Many moons ago, I came across a book called The Warrior Diet.
It’s based on the idea that ancient warriors didn’t have time to eat during the day, because they were too busy doing all the things that warriors do. Instead, they’d eat one big meal in the evening, once all the hunting and fighting was out of the way.
Written by former Penthouse health and fitness editor Ori Hofmekler, the basic premise behind The Warrior Diet is very simple. You eat one meal a day, preferably at night, without any restriction on calories, fat or carbs.
During the rest of the day, you get to nibble on fresh vegetables, fruits and a little protein. But that’s about it. No carbs (other than what you get from vegetables and fruits) are allowed during the undereating phase of the diet.
The Warrior Diet: What Results Can You Expect?
Hofmekler makes a number of claims about the results you can expect to see on The Warrior Diet.
For one, you’re going to get leaner and more muscular. According to Hofmekler, The Warrior Diet “guarantees you a fat-burning hormone in your system for at least six to eight hours, which no other diet does.”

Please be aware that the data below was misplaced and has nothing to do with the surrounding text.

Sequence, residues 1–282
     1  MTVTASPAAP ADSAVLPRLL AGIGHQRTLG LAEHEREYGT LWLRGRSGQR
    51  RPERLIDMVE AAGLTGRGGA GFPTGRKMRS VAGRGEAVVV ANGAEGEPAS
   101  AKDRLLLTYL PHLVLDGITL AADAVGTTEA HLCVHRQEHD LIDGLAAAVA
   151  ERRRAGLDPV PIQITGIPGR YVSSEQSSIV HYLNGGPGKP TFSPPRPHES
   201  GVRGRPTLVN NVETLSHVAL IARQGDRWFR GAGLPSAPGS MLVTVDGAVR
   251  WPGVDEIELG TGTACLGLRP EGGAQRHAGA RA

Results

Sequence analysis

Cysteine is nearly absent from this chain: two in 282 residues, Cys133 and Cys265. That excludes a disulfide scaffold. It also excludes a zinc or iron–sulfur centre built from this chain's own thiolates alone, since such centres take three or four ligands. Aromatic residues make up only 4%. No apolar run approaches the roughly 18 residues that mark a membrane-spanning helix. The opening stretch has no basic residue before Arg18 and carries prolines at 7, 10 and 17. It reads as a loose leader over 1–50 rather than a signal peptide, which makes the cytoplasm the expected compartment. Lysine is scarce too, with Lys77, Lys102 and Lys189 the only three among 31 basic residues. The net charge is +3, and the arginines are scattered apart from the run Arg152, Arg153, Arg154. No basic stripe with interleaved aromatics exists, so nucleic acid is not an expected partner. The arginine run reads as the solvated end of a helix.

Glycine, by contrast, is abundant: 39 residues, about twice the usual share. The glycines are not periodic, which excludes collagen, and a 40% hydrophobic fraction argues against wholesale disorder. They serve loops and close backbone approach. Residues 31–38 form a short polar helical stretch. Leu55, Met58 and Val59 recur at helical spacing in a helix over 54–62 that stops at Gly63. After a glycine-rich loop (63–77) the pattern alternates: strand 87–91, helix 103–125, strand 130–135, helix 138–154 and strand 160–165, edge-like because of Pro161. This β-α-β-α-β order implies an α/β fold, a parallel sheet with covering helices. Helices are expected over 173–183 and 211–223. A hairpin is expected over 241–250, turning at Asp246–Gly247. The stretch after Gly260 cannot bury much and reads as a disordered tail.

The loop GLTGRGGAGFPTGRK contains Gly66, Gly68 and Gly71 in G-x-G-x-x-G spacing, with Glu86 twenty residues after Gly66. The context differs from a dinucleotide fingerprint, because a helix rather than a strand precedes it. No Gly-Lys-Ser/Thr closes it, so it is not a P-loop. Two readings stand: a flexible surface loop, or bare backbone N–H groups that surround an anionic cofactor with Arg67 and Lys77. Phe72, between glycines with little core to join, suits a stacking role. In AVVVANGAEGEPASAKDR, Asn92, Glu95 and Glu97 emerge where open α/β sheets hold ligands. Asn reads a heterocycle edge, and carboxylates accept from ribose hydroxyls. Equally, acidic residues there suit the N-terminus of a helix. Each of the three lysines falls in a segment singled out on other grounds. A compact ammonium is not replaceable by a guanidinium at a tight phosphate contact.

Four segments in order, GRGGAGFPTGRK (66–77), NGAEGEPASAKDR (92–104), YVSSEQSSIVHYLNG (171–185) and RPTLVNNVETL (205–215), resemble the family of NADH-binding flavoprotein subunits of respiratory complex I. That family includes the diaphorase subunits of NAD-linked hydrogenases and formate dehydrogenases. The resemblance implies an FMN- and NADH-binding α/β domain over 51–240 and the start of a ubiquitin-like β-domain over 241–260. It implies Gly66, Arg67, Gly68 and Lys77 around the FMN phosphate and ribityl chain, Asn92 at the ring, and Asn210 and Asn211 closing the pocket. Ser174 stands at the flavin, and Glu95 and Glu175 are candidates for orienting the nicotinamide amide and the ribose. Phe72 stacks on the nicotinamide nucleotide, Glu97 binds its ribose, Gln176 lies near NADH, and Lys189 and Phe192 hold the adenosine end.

Hofmekler also dismisses the idea that a big meal in the evening will make you fat. Instead, he thinks that feasting at night will help you build more muscle.
That’s because growth hormone (GH) levels reach a peak at night when you sleep. Eating a big meal before you go to bed, he argues, gives your body the nutrients it needs to take advantage of this natural raise in GH.
As well as improving your body composition, The Warrior Diet is supposed to toughen you up. Learning to deal with hunger will make you tougher and stronger, to better handle life’s hardships. Hunger and fasting were considered an integral part of life for ancient warriors.
Is there any science behind The Warrior Diet? Is eating one meal a day the way to go? Or is it just going to mess up your metabolism and leave you tired and hungry?
The Warrior Diet and Weight Loss: What the Science Says
To lose fat, the only thing you need is a calorie deficit. And eating just one main meal a day is a very simple way to create that deficit.
That simplicity is one of the main appeals of The Warrior Diet – you don’t need to give up your favorite foods, or memorize any complicated diet rules.
Most of your calorie budget for the day is spent in one big meal, rather than several smaller ones. The calories that you’d normally eat during the day are saved up for dinner. As a result, that dinner can be larger and more satisfying than the sort of thing you’d normally eat when you’re trying to lose weight.
Having a big meal at night isn’t going to stop you losing fat, as was once believed . And most studies show that eating multiple small meals throughout the day has no benefits as far as fat loss is concerned [2, 3].